To survive and thrive, human beings must think. You might imagine that such a statement goes without saying. But you would be wrong. In fact, the necessity of thought has long been a contested notion in philosophical circles. Societies which embrace thinking , societies which embrace rationality, steadily improve the condition of mankind. Those who reject rationality devolve into darkness, fostering human suffering.
The generation making its way through academia today seems intent on the latter course, as evidenced most recently by news out of Stanford University. There, the student government just voted down a motion to require freshmen to learn “the politics, history, philosophy, and culture of the Western world” by a 6 to 1 margin. From the Daily Caller:
In contrast, over 90 percent of students voted in favor of an initiative requiring the school to administer a new campus climate survey designed to find the rate of sexual assault on campus. The school already administered such a survey in 2015, but it outraged activists by finding a sexual assault rate of just 1.9%, which they deemed far too low.
The mere suggestion that Stanford require studying Western civilization had generated immense outrage among certain Stanford communities. A low-income advocacy group at the school suspended a member based on the suspicion that he wrote an anonymous piece supporting the proposal. A hostile column in The Stanford Daily warned that accepting the proposal would mean centering Stanford education on “upholding white supremacy, capitalism and colonialism, and all other oppressive systems that flow from Western civilizations.”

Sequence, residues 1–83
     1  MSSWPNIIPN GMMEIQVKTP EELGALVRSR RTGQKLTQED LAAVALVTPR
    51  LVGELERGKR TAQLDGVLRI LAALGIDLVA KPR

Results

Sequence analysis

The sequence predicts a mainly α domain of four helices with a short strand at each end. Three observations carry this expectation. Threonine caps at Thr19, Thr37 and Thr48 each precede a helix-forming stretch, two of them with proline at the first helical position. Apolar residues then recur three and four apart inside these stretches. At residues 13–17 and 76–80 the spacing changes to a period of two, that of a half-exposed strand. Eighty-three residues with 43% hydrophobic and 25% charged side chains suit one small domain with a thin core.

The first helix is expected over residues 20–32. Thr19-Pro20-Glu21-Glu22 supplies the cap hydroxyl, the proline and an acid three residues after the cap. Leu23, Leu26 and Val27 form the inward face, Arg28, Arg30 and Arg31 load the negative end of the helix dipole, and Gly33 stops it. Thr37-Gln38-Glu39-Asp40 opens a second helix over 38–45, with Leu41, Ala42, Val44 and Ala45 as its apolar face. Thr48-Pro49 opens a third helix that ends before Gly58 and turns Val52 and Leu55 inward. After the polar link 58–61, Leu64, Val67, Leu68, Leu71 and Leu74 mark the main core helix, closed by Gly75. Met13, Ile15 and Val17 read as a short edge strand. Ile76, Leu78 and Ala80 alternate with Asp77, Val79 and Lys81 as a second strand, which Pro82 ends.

When a generation becomes more interested in affirming their prejudice than seeking objective truth, when it condemns the means by which its affluence has been achieved, when it rejects rationality and the human freedom which flows therefrom, that generation is doomed. There may be little that can be done at this point to prevent the horrendous consequences of such widespread conscientious non-thought in our leading institutions of higher learning.